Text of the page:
As Spring finally arrives on the East Coast, many men are no doubt getting the perverse desire to show off their hairy legs and gnarled knees. But before you reach for the shorts, Izzy beseeches you to keep in mind this image of New York Mayor Mike Bloomberg, who is usually well-dressed. (Note also that His Honor would have looked less goofy had he chosen a slimmer-fitting polo shirt with shorter sleeves.) And at the very least, if you absolutely, positively must wear dress shorts, do your fellow citizens a favor, and avoid white socks please.
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Ever since becoming attuned to clothing, Izzy has been fascinated by the attire of visual artists due to their superior sensibility to color and form. So while reading the recent obituary of Sol LeWitt, Izzy was pleased to discover that the shy, modest artist would combine a conservative tweed jacket with an eye-popping magenta shirt, a fitting choice for the enthusiast of cheerful colors who once called one his paintings ”Loopy Doopy (Red and Purple).”
Inspired by a post on the well-dressed economist, a reader queried Izzy as to whether he knew anything about the attire of the dapper TV business commentator Larry Kudlow.Â Ever happy to oblige, Izzy has it on good authority that Mr. Kudlow wears bespoke suits by Savile-Row trained Leonard Logsdail (whom Izzy has had the pleasure of meeting) and ties by Turnbull & Asser, Vineyard Vines, and Venazi.Â His contrast-collar shirts, ever beloved by financiers and capitalists, are also by T&A.
New York Social Diary is a useful way to gawk at Gotham’s high society. Without it, Izzy might never have seen a tie so wide it’s virtually a well-knotted scarf.
In his tweed jacket, button-down oxford, and lackluster tie, the man on the right might be a college professor or a small-town lawyer. But in fact he is Gerard Wertheimer, co-owner of Chanel and a billionaire. It has often been observed thatâ€”in contrast to the nouveaux riches, who are insecure about their social statusâ€”old money will go about in ancient togs, unembarrassed by holes or signs of wear. Though Wertheimer escapes being frumpy, there is something to be said for a fashion magnate who is immune to the seductions of glamour.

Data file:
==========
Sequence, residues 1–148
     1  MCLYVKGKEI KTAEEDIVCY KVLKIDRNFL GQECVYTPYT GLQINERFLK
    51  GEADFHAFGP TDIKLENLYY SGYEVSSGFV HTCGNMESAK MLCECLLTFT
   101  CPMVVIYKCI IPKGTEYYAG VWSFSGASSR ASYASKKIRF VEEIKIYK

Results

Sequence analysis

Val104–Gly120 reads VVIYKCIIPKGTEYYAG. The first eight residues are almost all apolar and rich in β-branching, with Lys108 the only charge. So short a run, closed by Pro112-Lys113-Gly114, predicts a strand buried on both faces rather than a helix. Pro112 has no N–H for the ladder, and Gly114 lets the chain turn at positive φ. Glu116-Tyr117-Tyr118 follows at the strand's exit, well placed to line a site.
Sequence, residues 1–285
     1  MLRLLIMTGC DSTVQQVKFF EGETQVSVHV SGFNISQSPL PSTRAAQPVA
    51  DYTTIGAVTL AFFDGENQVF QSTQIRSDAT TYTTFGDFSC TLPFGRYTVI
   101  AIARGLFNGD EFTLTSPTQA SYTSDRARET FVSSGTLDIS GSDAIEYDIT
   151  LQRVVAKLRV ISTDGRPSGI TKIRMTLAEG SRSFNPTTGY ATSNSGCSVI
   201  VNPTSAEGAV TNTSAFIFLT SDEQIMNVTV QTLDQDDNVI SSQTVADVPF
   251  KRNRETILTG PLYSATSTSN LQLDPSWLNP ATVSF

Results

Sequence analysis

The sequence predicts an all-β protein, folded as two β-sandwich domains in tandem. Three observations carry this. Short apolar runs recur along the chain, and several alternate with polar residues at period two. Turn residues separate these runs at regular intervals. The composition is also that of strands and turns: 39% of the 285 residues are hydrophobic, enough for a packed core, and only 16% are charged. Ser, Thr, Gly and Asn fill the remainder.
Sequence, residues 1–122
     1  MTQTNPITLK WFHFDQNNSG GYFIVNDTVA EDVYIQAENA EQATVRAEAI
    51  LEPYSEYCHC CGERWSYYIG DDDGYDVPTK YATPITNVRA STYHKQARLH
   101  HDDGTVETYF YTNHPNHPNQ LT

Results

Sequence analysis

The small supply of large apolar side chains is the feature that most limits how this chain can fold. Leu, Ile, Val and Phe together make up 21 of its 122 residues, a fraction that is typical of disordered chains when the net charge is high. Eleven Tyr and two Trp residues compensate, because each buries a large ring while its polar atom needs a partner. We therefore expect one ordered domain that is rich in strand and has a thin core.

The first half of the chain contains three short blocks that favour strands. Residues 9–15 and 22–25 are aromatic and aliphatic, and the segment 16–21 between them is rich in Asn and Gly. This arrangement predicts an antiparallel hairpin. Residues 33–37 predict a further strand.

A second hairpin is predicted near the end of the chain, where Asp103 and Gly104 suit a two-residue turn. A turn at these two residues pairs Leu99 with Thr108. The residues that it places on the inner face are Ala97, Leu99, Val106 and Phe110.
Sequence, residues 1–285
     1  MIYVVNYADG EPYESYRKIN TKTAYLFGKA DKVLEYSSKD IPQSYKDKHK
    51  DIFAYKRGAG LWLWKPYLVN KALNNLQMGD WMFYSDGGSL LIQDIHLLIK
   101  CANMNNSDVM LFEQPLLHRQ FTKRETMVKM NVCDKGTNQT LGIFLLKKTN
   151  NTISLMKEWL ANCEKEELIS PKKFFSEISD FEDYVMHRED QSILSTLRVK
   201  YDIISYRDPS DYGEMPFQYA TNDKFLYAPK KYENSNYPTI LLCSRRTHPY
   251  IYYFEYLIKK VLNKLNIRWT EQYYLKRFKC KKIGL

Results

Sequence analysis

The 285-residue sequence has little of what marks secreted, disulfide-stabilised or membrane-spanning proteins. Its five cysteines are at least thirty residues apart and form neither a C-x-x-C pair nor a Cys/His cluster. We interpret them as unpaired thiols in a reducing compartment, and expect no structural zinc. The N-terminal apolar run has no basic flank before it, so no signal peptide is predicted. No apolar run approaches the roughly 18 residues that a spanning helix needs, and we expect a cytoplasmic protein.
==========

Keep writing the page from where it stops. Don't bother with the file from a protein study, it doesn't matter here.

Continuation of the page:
“Pardon me, would you have any Grey Poupon?” were the most famous words spoken by the British actor Ian Richardson. Known in his homeland for playing the villain par excellence, he combined his sharp features with sharp conservative tailoring to become the very incarnation of a what the British call a toff.
Having recently acquired his first Brooks Brothers shirt from their luxury line, Izzy wishes to shout from the rooftops how happy he is with product. The fabric, woven in Italy, feels and drapes wonderfully, while the shirt itself is slimly cut, unlike some other Brooks Brothers shirts that are too “blousey” for his taste.
Due to their unadorned dark suits and white shirts, Izzy finds designer duo Messrs. Badgley and Mischka guilty of inciting boredom. Is ornament so hard to find nowadays?